Signs You Should File a Suspicious Transaction Report

Sep 03, 2020

Posted by
April van Ert
Director, Communications & Stakeholder Engagement


Filing a Suspicious Transaction Report (STR) can seem like a tough call – what’s considered suspicious? And how do they help anyways? The truth is STRs are an easy and important way for REALTORS® to help protect BC’s economy from money laundering. They also play a key role in helping law enforcement identify money launderers and bring them to justice. If you experience any of these signs during a transaction, it’s time to file one.

Know thy client

Anytime a client uses a name other than their own (or a spouse’s) on documents or uses different names on offers to purchase, closing documents or deposit receipts, you need to file an STR. Likewise, if your client remains anonymous and all your dealings are with a lawyer and cheques drawn on a lawyer’s trust account, that’s a sign something might be wrong.

Caginess about using their own name isn’t the only sign something might be wrong. If your client is conducting a transaction on behalf of someone who doesn’t seem like they could afford it (like someone who is underage) or is painting their own financial situation in a way that seems unrealistic, then it’s time to submit an STR.

And while BC has lots of out-of-country buyers, if your client is a non-resident for tax purposes and is buying a property as an investment with no intention of living in it, it’s worth considering an STR, especially if there are other indicators that something’s off.

Easy come, easy go

If a client seems unconcerned about the financial risks (like losing a deposit) or costs of a transaction, warning bells should go off. Another warning sign is when a client seems unconcerned about the value of the property itself. For example, they’re planning to build a luxury house in a non-prime location; they resell the property shortly after buying it at a significantly different price although local market values haven’t changed; or they buy multiple properties in a short period of time and seem unconcerned about the location, condition or any future repair costs.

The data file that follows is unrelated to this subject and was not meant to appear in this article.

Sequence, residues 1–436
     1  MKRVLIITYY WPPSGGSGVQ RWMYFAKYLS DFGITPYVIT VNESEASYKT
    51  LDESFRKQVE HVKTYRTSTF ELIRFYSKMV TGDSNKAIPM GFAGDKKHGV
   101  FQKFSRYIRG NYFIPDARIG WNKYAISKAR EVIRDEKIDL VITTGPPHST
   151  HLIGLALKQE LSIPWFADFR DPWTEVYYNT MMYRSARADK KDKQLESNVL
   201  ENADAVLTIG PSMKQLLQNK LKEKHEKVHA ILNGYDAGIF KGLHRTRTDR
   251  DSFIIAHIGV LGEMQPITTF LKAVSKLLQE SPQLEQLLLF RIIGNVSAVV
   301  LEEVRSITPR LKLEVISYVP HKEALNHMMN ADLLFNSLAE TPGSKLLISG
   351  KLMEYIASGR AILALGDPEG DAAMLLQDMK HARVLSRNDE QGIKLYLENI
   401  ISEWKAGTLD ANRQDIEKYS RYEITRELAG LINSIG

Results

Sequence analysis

Follow the money

Any unusual ways of paying a deposit is a clear sign something’s not quite right. This could include your client asking for the deposit to be divided into smaller parts with a short interval between them or even paying the deposit with a cheque from a third-party other than a spouse or parent. Another telltale warning sign is when a client pays a substantial down payment in cash and the balance is financed by an unusual source or offshore bank.

So I filed an STR. What happens next?

From your perspective as a Realtor, not much. The transaction completes and most likely you will never know how that information was used. Identifying and prosecuting money launderers is a long process and often takes years of law enforcement officers piecing together a complex puzzle of financial and other data. But by submitting an STR, Realtors can contribute a piece of the puzzle – and it just might be the piece that helps bring a criminal to justice.

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